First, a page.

As fair value adjustments for investment property go to the profit and loss account, the associated deferred tax consequences are also presented in the profit and loss account (ie within the tax expense).

Investment property in a group

As noted in the introductory paragraph of this section, the FRC have introduced an accounting policy choice which can be found in FRS 102 (March 2018), paragraph 16.4A, which only applies to investment property rented to a group member whereby the entity can apply a choice of accounting as follows:

  • at fair value through profit and loss; or
  • at cost.

This accounting policy choice only applies to groups (it does not apply to standalone entities with investment property, nor does it apply simply because the company is small).  The accounting policy choice is in place of the undue cost or effort exemption which was removed from Section 16 by the FRC and effectively restores the position for groups in previous UK GAAP.

It is likely that properties rented to other group members will be accounted for at cost and where this is the case, the group applies the cost model in Section 17 Property, Plant and Equipment to measure the investment property at cost less depreciation and impairment losses.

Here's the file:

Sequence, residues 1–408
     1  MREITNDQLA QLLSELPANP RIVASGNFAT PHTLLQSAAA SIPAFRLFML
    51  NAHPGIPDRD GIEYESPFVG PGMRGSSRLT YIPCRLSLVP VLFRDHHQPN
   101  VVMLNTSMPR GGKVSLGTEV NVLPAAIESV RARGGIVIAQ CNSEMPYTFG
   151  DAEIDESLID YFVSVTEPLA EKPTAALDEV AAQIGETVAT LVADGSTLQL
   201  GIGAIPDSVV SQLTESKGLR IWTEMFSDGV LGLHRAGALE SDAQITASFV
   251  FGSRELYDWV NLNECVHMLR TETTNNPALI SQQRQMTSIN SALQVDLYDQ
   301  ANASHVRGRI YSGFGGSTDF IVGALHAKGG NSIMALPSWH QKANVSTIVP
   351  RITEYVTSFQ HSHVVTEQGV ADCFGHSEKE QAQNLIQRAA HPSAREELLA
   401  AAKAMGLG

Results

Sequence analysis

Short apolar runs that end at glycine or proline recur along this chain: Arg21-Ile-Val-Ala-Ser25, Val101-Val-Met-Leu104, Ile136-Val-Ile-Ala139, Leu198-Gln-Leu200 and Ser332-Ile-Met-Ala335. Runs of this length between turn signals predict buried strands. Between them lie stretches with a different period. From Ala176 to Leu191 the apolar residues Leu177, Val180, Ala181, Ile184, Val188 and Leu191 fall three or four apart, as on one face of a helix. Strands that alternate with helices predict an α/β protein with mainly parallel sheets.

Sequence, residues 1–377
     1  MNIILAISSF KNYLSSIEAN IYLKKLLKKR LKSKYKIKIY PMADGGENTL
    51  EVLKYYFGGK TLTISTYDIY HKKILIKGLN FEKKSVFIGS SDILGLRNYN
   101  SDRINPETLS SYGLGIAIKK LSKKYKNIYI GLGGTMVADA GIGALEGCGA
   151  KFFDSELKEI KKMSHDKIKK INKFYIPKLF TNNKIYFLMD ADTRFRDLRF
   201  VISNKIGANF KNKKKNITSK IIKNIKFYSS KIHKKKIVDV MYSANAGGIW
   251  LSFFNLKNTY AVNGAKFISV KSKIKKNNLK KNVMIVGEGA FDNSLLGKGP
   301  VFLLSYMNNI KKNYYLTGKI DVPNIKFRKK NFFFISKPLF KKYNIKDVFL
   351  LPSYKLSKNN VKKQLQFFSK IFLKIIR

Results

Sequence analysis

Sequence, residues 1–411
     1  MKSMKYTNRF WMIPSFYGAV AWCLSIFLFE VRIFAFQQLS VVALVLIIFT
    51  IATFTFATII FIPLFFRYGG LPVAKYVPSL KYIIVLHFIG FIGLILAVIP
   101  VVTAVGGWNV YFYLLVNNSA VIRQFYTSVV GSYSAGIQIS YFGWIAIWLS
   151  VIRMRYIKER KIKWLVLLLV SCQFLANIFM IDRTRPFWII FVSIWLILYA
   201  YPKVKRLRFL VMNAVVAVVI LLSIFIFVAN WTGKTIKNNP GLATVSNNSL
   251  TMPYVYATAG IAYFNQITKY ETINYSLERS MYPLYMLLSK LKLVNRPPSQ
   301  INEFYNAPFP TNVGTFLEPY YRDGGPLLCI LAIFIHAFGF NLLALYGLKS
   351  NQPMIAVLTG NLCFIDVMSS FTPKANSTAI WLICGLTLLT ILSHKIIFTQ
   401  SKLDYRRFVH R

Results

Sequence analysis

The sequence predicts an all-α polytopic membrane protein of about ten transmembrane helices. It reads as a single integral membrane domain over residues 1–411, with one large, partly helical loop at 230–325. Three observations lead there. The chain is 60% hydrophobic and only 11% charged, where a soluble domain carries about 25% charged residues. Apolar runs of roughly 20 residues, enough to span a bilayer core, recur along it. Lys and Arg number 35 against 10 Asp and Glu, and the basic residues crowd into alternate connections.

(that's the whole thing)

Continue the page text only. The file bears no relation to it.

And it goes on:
If a group wishes to take advantage of this accounting policy choice and measure investment property rented to another group member at cost, then they will need to freeze the valuation of the investment property at the date of transition to FRS 102 (March 2018), which will be 1 January 2017 for a 31 December 2018 year-end; restate the comparative year and then account for the property under the cost model.  This is because essentially the company owning the investment property has changed the accounting policy for measuring its intra-group investment property and changes in accounting policy are accounted for retrospectively.

It should be noted that if the group wishes to early adopt the accounting policy choice in FRS 102 (March 2018), paragraph 16.4A, then it must apply the whole of FRS 102 (March 2018) at the same time.  The accounting policy choice is not available for early adoption on its own.

Property, plant and equipment

As noted in the introductory section of the article, property, plant and equipment (PPE) is accounted for under Section 17 of FRS 102 Property, Plant and Equipment.  Section 17 allows PPE to be measured under the cost model or the revaluation model.  Application of the revaluation model is an accounting policy choice and where the entity chooses to measure assets at revaluation, all assets within that asset class must be revalued.  For example, if an entity owns four properties, it must revalue all four properties – it cannot just revalue those properties which the entity knows have appreciated (increased) in value, which is why the ‘all or nothing’ rule was introduced.